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Tuesday, May 5, 2009

A message from the Autodesk Building Industry Director about the Revit 2010 release

Sorry for being a little late with this, but isn't it nice that Autodesk decided to explain what they did with 2010? If only they did this before you all freaked out about the ribbon on 4/16/09. Users 1 Autodesk Marketing 0

4/23/09

The following message is from Nicolas Mangon, the Building Industry Director at Autodesk regarding the recent release of the 2010 Revit products:
We were excited to ship the 2010 version of Revit last week. In an effort to reduce the learning curve and increase productivity we introduced a new user interface this year that allows users to leverage their skills and knowledge across Autodesk products.
Over the past few years you’ve consistently told us that the Revit user interface was dated. In fact, the methods used in the old user interface such as, menus, toolbars, the design bar, and options bar were no longer scalable to support current and planned future product enhancements. We’ve also heard that the most significant barriers to Revit adoption are the availability of trained users and the cost of training new users.
For these reasons, our focus in developing a new user interface for Revit was on the creation of an extensible UI framework that is easier to learn and to use. By adopting a ribbon style approach, we accelerate learning by allowing new users to apply concepts learned elsewhere. Enhanced tooltips make discovering tools and understanding their use easier, and the quick access toolbar allows you to place the tools you use most frequently in a convenient location.
The process for developing the UI was highly comprehensive and included over 18 months of iterative design that incorporated user testing and performance benchmarking. In early testing, 86% of Beta testers responding to a survey said they would recommend this version of Revit to a friend, and according to Usability Sciences (an independent testing firm): “In general, users quickly adjusted to the interface and were able to complete most tasks with relative ease and speed.” You can learn more about the design and development methodology here on Inside the Factory.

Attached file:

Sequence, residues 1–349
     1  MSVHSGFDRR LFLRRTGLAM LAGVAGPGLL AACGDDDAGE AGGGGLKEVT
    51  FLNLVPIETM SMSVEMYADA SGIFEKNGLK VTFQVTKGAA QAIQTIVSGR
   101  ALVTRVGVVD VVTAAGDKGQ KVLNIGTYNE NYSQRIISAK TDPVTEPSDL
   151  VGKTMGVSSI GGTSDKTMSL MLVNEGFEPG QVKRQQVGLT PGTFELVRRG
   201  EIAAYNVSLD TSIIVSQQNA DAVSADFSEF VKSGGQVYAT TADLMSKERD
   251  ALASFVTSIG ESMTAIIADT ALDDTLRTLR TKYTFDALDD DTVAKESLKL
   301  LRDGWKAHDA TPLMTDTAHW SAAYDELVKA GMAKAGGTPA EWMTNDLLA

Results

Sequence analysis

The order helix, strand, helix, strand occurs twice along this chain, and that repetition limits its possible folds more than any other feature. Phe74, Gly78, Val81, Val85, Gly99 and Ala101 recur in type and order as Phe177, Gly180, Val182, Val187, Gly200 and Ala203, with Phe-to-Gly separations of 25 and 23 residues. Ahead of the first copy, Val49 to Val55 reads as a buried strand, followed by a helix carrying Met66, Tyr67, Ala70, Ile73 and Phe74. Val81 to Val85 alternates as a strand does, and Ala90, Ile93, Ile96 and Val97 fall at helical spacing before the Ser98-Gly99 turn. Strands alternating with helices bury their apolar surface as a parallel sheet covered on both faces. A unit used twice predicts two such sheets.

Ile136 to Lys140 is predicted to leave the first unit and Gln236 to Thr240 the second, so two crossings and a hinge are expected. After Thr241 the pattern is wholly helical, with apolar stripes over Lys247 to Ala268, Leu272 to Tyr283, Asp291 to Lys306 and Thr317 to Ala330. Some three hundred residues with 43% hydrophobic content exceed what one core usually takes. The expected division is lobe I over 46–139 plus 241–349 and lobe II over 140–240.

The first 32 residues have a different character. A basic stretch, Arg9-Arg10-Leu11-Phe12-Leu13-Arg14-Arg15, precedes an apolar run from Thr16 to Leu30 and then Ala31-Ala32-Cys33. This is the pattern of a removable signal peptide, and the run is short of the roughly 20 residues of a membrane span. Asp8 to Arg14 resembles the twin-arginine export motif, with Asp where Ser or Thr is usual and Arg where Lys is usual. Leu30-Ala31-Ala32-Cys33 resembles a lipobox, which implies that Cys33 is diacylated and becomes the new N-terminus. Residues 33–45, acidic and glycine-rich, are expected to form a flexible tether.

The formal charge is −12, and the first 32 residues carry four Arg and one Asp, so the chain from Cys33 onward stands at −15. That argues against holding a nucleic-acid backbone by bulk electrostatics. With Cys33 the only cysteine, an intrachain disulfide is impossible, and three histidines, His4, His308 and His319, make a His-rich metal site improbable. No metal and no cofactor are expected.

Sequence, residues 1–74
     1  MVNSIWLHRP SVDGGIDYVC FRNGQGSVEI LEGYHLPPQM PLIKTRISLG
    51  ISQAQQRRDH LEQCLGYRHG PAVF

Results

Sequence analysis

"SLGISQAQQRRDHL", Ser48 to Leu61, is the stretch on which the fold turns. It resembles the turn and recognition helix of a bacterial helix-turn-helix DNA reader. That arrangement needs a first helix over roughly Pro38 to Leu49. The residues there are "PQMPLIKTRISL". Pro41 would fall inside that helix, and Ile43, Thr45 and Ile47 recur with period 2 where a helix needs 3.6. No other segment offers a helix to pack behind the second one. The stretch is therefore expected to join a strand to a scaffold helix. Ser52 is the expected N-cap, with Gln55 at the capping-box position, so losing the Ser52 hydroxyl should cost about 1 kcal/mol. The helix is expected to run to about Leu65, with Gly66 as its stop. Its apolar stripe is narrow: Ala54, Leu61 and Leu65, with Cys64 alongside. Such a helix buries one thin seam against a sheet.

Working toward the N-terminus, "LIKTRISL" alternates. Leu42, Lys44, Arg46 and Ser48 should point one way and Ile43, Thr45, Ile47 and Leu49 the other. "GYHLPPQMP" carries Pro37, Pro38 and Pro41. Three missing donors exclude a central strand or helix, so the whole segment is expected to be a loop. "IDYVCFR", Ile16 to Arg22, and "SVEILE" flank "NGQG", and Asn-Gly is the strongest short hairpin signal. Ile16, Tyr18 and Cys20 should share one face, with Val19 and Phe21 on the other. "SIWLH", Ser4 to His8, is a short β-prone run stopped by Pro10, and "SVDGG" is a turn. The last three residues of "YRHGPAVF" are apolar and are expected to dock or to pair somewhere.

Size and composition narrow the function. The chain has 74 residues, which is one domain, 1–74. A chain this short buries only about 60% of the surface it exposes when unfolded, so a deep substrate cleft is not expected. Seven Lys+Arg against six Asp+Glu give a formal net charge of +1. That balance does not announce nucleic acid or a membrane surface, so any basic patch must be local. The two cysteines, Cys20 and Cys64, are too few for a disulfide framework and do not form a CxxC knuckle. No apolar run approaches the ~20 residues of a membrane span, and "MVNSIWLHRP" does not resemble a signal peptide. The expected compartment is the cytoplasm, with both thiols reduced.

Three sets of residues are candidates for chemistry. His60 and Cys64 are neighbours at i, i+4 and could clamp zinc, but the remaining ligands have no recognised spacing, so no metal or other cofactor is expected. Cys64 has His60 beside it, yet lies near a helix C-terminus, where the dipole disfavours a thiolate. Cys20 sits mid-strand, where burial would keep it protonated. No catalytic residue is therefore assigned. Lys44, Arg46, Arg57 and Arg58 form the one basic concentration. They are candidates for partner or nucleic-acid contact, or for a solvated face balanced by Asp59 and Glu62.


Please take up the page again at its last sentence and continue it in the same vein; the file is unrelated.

There are a variety of resources that have been made available to help users transition to the new user interface. For example, Revit Architecture has integrated the following learning tools directly into the product: an interactive user interface overview, a user interface video tour, and a menu location tool to assist users in locating commands that may have been moved. The video tour can be accessed here: http://usa.autodesk.com/adsk/servlet/item?siteID=123112&id=12945494.
This new UI is part of a larger initiative at Autodesk to make it easier for you to transfer your knowledge from one product to others, making it easier to choose the best tool for the task at hand and to become productive quickly. We’re also working on making it easier to move data between applications and to enhance the visualization capabilities of our products to enable new and exciting simulation opportunities that will increase the value of your designs.
In addition to the new UI, the 2010 release of Revit has some very important enhancements. The new conceptual design tools in Revit Architecture, integrated Heating and Cooling Load Analysis within Revit MEP, slanted columns in Revit Structure, and support for 64 bit hardware across the Revit platform. We also made enhancements to the API that will allow 3rd party developers to create functionality related to analysis, process automation, fabrication, cost estimating, etc. Other non-visible investments in the platform include technologies that will allow Revit to support global trends such as Sustainable Design, Large Team Workflow and dispersed teams, Fabrication, and large and complex models, etc.
Your perspective on these issues is very important to us, and we are taking a new look at how we communicate with you about your needs and requests for enhancements. For example, we are going to better align the AUGI wish list voting process with our development cycle so we can more effectively incorporate your requests. We’re already planning for ways to incorporate the current wish list items in the next release of Revit. Please stay tuned for more details about this over the coming months.
Finally, we’ve created a new email alias for you to share your ideas and suggestions about Revit directly with the product team: Autodeskcares@autodesk.com.
Thanks for your continuing support and passion for Revit
Nicolas Mangon
Building Industry Director

1 comments:

Trevor May 15, 2009 at 2:00 PM  

"Over the past few years you’ve consistently told us that the Revit user interface was dated."

Nice. Blame me for their lousy interface...

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